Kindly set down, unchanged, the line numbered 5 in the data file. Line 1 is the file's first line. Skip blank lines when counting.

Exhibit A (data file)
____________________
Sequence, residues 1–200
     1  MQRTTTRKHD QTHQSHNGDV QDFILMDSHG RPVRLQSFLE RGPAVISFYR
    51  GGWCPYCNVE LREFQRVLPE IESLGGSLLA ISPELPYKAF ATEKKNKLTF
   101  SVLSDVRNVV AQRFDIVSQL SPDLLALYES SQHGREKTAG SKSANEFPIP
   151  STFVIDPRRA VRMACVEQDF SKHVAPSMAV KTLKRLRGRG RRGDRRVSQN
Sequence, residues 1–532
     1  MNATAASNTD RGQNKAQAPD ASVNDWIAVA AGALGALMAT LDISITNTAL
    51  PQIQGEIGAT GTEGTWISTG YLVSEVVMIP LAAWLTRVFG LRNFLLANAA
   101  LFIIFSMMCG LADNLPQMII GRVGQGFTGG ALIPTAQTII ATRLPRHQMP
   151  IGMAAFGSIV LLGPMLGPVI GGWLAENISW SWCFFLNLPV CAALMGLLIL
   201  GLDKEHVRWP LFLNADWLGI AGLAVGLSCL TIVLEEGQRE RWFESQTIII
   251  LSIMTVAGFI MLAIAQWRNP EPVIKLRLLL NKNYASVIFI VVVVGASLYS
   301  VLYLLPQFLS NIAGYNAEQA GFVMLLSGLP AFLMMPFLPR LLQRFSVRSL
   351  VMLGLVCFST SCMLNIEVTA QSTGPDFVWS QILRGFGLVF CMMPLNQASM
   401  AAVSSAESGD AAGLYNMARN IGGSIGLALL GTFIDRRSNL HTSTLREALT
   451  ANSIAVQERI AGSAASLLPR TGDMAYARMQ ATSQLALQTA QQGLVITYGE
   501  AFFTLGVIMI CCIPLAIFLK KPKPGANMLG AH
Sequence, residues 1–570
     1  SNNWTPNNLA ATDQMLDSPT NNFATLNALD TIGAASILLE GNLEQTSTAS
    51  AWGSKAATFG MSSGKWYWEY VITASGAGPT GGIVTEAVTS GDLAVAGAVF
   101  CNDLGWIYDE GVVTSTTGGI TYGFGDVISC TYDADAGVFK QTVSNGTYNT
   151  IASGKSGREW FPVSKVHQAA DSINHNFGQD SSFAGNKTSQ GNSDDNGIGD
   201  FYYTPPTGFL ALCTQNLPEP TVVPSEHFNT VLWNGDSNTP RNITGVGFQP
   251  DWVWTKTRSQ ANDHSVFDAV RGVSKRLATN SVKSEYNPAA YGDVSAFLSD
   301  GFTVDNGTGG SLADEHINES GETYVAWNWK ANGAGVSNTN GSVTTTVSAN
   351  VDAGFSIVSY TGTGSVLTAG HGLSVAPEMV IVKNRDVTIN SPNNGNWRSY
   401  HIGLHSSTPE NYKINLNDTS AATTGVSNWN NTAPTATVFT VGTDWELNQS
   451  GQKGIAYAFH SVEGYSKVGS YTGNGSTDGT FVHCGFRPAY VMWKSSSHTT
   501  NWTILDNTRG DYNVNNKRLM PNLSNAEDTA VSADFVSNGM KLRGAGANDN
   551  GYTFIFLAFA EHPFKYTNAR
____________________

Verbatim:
   151  STFVIDPRRA VRMACVEQDF SKHVAPSMAV KTLKRLRGRG RRGDRRVSQN